US Fed still has ‘a ways to go’ to cut balance sheet, says chairman Powell

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WASHINGTON – The Federal Reserve has “quite a ways to go” in trimming the size of its balance sheet, with the endpoint of quantitative tightening still uncertain, Fed chairman Jerome Powell told the House Financial Services Committee on July 10.

The Fed has trimmed the size of its holding by about US$1.7 trillion (S$2.3 trillion) already, Mr Powell said, but will edge its way carefully to a stopping point in order to make sure financial institutions have access to adequate reserves.

“We have made quite a lot of progress,” Mr Powell said, but “we feel we have quite a ways to go”.

The Fed bulked up its balance sheet in response to the Covid-19 pandemic to help suppress long-term interest rates and support the economy. It is currently letting as much as US$25 billion per month of its holdings of US Treasuries and US$35 billion of mortgage backed securities expire as they mature.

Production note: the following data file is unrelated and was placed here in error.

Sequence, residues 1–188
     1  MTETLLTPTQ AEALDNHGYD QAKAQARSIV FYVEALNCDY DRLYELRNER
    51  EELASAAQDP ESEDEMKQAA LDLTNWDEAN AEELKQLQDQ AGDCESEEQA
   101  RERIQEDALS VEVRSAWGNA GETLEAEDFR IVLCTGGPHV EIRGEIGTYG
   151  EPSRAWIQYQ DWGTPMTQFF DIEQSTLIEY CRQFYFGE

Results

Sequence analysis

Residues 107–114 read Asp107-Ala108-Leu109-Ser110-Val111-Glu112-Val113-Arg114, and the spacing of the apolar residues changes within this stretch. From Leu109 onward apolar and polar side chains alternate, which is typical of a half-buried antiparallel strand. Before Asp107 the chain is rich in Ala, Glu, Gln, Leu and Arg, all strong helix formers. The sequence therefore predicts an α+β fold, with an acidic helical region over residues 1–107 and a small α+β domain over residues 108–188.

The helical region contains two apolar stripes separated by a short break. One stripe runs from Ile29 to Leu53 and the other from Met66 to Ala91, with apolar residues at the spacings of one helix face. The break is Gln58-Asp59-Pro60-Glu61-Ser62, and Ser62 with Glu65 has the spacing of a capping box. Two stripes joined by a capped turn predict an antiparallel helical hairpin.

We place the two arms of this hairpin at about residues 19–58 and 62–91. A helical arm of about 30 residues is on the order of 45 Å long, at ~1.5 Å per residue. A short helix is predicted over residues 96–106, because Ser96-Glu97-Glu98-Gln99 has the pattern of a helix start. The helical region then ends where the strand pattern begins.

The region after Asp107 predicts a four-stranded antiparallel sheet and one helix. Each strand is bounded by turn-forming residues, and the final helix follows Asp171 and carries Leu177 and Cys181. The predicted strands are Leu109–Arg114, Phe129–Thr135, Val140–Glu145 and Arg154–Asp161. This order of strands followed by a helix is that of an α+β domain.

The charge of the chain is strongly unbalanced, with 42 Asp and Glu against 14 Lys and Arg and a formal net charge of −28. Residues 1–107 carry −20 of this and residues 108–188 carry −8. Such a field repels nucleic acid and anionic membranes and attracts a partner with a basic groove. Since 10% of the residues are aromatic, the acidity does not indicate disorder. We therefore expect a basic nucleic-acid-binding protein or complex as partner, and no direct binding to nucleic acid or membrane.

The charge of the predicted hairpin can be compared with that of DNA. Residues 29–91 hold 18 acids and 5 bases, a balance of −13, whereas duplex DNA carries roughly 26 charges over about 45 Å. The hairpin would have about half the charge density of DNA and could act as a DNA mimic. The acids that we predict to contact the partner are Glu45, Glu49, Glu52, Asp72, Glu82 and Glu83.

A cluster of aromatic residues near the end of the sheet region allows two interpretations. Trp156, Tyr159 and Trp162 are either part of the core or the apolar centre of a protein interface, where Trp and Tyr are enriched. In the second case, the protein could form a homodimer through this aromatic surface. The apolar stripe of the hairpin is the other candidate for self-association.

It was Mr Powell’s second day of testimony before the US Congress, a semi-annual exercise that includes a review of economic conditions and monetary policy and, typically, a grilling by lawmakers about regulatory and other issues as well.

Mr Powell’s comments to the Senate Banking Committee on July 9 showed both increased faith in a continued decline in inflation and a growing sensitivity about the risk of keeping monetary policy too tight for too long and slowing the economy more than necessary.

The US unemployment rate is now 4.1 per cent, a number Mr Powell considers low by historical standards but which has been rising incrementally for a year. It is also above the level many economists and Fed officials feel represents sustainable full employment.

Mr Powell told senators that “more good data” would build the case for the US central bank to lower its benchmark interest rate from the 5.25 per cent to 5.5 per cent rate set in July 2023. REUTERS